Ideally, a page’s URL should be updated when the page (not just the content) changes. This generally works out of the box in traditional, server-side apps, but is often overlooked in client-side apps, especially single-page apps that implement continuous scrolling or AJAX search. Here are some examples:

  • On konga.com, when you enter a search term (example: “cars”)on the home page and hit Enter, the URL changes to https://www.konga.com/search?utm_source=search&search=cars, and you’re taken to the search results page for “cars”. But if you enter a new query on that page, while the search is executed, the URL is not updated.
  • Google.com on mobile recently switched to using continuous scrolling for search results. Unfortunately, the URL remains the same regardless of how many pages you’ve scrolled through.

This oversight has two effects:

  1. When I share the URL with someone, they may not be looking at the same page I’m looking at, so you’ve broken the idempotence rule.
  2. You’ve also broken the browser’s Back button. If I click on a search result and then hit Back, the browser will likely take me back to the page that URL points to, rather than the last page I was looking at.

Friendly

Depending on your application, you should make your URLs as friendly as you can. For instance, Medium, WordPress and StackOverflow use a slug of the page’s title in the URL. Apart from improving SEO, it also makes it easier for a user that sees the URL to have an idea of what the page is about before even clicking the URL.

Image for postOn Medium: the URL contains a slug of the question title.

Image for postOn StackOverflow: the URL contains a slug of question title.

It’s not required, but if your application serves up structured media with defined titles, it’s a nice touch.

A few considerations

All of the principles we’ve gone over here are very useful, but they may not be relevant to your application. There are always exceptions. Here are a few things to consider:

  • Are your URLs meant to be for the user or for the machine?

There are situations where you want your URLs to be obscure, usually in cases of security and access control. For instance, documents on Google Docs have very long and obscure URLs, even if they’re public.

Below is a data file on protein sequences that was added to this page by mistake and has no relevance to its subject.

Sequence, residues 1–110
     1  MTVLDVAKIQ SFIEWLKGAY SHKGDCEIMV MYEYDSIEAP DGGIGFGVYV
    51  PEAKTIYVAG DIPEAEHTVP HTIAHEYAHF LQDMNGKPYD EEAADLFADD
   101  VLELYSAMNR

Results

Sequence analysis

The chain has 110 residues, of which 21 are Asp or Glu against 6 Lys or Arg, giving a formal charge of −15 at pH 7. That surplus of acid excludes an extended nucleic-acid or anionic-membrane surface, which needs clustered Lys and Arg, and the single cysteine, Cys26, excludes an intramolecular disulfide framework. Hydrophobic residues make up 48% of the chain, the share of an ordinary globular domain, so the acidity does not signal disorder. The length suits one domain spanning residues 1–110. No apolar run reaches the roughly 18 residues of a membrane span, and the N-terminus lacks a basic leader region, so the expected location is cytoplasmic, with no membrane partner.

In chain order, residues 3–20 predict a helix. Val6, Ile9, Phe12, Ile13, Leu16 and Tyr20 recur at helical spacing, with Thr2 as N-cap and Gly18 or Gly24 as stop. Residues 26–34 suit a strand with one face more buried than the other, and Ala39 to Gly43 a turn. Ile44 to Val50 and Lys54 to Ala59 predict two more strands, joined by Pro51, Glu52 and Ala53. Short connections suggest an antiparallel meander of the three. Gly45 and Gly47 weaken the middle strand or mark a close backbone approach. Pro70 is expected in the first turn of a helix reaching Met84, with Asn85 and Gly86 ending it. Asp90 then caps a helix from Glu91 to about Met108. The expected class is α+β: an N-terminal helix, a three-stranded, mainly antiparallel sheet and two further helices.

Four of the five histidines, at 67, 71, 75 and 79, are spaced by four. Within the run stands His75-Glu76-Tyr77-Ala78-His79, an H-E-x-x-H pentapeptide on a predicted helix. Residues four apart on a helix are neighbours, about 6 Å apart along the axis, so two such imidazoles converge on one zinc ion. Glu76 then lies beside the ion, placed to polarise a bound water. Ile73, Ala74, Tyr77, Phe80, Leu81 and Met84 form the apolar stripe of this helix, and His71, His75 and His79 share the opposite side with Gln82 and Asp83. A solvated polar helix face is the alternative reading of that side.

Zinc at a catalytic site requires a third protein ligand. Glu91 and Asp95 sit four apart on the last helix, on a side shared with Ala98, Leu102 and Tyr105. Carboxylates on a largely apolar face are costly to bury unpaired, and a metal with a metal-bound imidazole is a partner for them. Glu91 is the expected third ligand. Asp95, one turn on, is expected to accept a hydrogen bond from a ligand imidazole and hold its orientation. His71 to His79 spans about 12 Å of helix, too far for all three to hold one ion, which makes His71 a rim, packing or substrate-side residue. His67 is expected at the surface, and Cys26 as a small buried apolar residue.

Other times, you don’t really care about making them friendly, because the URLs are intended mostly for use by software. Here’s the URL of one of the images I used in this post (as uploaded by Medium): https://cdn-images-1.medium.com/max/1200/1*6iNLfxWlTyHA8ZsZkY3Whw.png. This URL isn’t designed for human readability because I’m not expected to use it directly much. My browser and the image server are the ones that are really concerned with this URL.

  • Security considerations

On GitHub and GitLab, if you visit a private project, you will get a 404 page if you don’t have access to it, regardless of whether you are logged in or not. This seems to violate the idea of idempotency, but this is understandable, because in some scenarios, by revealing that there is something located at an address, even without making it open, you’re creating a vulnerability. For instance, if a thief came to your house, even if it were locked, depending on your resources, it might make more sense to pretend there’s nothing of value there, rather than admit there’s stuff to steal and spend energy keeping the thief out.

  • What type of user are you building for?

Power users often edit URLs directly in the address bar because it’s faster than clicking buttons and waiting for multiple page loads. Most regular users are fine with using the navigation provided by the browser and your app. Both users, however, still rely on the URL to give them a sense of where they are. Depending on the application, it may be better to optimize URLs for one class of user.

  • Some “big” sites violate many of these principles.

For instance, Facebook posts have cryptic, unreadable URLs. Youtube videos use a query parameter to determine the video you see. That doesn’t mean you should follow their example blindly, though. It’s important to understand how your application is being used or will be used and optimize that experience.

  • Don’t forget navigation!

Even if your URLs are super friendly, it doesn’t excuse you from providing proper navigation function for your app. Headings, links, tabs, handling the Back button properly (for SPAs) — all of these make a good navigation system and go hand in hand with good URLs.

Remember that the URL is a source of truth. People trust URLs, and they share URLs. Let’s ensure that our application’s URLs are reliable and helpful to our users.